Main Article Content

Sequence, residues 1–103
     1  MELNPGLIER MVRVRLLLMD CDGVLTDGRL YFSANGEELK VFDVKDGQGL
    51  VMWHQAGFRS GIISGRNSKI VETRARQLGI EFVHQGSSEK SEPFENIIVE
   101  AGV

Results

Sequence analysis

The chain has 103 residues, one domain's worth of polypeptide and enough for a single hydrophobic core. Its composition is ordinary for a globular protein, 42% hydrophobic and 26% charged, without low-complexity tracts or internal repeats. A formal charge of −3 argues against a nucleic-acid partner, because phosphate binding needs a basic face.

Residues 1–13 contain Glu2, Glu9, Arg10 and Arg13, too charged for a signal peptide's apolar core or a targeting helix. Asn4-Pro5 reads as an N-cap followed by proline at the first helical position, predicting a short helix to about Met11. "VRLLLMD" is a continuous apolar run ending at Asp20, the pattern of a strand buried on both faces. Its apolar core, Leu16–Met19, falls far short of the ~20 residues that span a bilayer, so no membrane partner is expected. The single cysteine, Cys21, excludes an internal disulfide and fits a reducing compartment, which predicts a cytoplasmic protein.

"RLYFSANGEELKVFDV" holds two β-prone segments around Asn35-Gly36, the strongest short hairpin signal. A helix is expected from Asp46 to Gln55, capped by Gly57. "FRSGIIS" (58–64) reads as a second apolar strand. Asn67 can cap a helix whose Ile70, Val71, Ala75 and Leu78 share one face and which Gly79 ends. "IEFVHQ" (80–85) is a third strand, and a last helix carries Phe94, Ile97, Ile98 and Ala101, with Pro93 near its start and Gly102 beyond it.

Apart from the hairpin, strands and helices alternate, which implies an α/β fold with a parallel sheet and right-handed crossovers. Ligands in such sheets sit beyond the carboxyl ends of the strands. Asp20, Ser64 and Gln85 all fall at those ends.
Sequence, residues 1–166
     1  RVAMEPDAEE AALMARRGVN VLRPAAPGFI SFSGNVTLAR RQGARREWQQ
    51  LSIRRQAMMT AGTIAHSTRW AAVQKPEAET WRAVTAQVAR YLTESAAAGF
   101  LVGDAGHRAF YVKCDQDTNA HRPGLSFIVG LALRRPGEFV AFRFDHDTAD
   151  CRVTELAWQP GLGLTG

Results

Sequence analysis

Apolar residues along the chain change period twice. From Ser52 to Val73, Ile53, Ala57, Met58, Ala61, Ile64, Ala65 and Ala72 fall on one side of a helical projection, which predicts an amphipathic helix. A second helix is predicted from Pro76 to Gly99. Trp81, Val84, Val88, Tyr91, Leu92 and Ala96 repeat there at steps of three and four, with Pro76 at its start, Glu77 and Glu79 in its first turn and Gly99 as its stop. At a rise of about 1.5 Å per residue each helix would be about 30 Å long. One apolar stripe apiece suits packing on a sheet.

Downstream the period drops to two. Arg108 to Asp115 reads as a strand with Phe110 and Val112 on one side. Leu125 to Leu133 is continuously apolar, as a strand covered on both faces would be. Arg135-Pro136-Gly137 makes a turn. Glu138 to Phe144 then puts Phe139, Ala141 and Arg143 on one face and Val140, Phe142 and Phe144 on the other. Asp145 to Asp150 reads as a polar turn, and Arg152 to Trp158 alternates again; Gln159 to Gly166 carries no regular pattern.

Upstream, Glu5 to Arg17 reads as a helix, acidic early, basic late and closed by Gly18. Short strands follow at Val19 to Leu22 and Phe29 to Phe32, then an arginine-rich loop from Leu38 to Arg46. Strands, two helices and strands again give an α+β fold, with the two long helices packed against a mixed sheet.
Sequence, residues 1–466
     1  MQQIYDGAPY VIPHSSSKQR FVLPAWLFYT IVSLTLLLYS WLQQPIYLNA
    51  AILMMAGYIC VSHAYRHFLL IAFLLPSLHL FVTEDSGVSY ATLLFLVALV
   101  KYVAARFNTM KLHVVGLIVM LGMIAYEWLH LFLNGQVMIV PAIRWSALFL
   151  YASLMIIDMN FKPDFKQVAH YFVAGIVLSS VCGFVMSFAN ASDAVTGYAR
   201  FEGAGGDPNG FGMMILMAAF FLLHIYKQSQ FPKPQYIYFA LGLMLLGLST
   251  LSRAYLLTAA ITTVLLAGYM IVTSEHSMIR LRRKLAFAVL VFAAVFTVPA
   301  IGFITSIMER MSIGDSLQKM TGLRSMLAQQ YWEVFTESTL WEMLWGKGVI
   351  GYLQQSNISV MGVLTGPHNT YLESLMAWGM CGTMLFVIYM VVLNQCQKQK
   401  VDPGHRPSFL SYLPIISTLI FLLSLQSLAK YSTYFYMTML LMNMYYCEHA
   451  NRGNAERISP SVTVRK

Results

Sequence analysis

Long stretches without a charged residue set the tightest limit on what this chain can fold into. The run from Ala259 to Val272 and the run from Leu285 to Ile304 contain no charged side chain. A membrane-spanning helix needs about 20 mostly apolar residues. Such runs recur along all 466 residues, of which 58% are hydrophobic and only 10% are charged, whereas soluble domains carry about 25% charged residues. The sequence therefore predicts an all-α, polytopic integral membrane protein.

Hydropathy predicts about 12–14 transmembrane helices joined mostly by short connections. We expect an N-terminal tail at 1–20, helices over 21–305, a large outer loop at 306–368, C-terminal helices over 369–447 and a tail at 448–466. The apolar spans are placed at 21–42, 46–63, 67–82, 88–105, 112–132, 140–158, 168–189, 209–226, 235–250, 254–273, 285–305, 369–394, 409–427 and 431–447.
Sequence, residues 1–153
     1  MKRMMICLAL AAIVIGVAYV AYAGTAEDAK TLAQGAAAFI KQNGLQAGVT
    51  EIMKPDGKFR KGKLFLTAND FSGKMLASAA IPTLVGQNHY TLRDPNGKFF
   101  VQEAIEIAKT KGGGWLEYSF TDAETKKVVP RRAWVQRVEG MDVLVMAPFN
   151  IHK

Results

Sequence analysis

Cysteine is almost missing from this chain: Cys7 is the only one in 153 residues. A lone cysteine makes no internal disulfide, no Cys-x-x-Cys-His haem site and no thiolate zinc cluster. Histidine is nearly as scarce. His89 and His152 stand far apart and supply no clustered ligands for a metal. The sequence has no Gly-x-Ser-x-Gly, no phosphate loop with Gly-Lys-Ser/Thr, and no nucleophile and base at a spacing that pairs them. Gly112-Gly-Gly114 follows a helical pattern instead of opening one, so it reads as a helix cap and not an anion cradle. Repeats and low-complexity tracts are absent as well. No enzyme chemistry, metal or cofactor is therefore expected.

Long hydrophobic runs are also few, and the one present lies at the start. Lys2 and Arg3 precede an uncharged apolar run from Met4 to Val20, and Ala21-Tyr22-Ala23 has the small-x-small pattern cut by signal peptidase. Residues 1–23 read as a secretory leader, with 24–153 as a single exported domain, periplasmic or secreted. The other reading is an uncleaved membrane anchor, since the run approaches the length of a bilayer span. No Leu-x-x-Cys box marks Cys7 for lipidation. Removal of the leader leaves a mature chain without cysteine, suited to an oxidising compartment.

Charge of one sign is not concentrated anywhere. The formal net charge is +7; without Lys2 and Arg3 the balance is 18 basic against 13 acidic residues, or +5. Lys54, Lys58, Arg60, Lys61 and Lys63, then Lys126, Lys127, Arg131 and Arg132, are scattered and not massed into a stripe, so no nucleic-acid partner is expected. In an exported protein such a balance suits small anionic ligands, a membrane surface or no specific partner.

Improving the soil quality in arid saline soils requires a greater understanding of how the vermicompost, rhizobacteria and seasonal variations affect the soil biological properties and maize yield. Two field experiments were conducted during spring and autumn seasons of 2021 to study the effect of interaction between vermicompost, amino acid and plant growth-promoting rhizobacteria (PGPR; Azotobacter chroococcum on some soil properties and grain yield of maize in saline soils for different seasons. The vermicompost was added at two levels (0 and 17 ton ha-1) while the amino acid was added at two concentrations (0 and 2500 mg L-1), whereas the Azotobacter was inoculated at two levels (0 and 10 ml). The results showed that the vermicompost improved soil microbial biomass carbon (MBC) more profoundly in the spring season (9673 mg Kg-1 soil) as compared to autumn season (3361 mg Kg-1 soil). Whereas, higher Azotobacter number was found in autumn (19.75 x 106 CFU g Kg-1 dry soil) as compared to spring (0.14 x 106 CFU g Kg-1 dry soil ) respectively. In addition, the inoculation of Azotobacter significantly enhanced MBC more pronouncedly in the spring season (7494 mg Kg-1 soil) as compared to autumn season (3361 mg Kg-1 soil). It was noticed a significant increase in phosphor content in plant after inoculation of bacteria at autumn season (0.35%) as compared to spring season (0.20%). Furthermore, the vermicompost, azotobacter and amino acid improved crop yield in both seasons but the improvements looked higher at the autumn season. In conclusion the interaction of vermicompost, amino acid and Azotobacter had significant effect on soil biological properties, and the grain yield at the autumn season was better than the spring season, which was associated with a typical increase in the number of Azotobacter and an increase in the phosphor content of plant and also associated with a decrease in the soil salinity.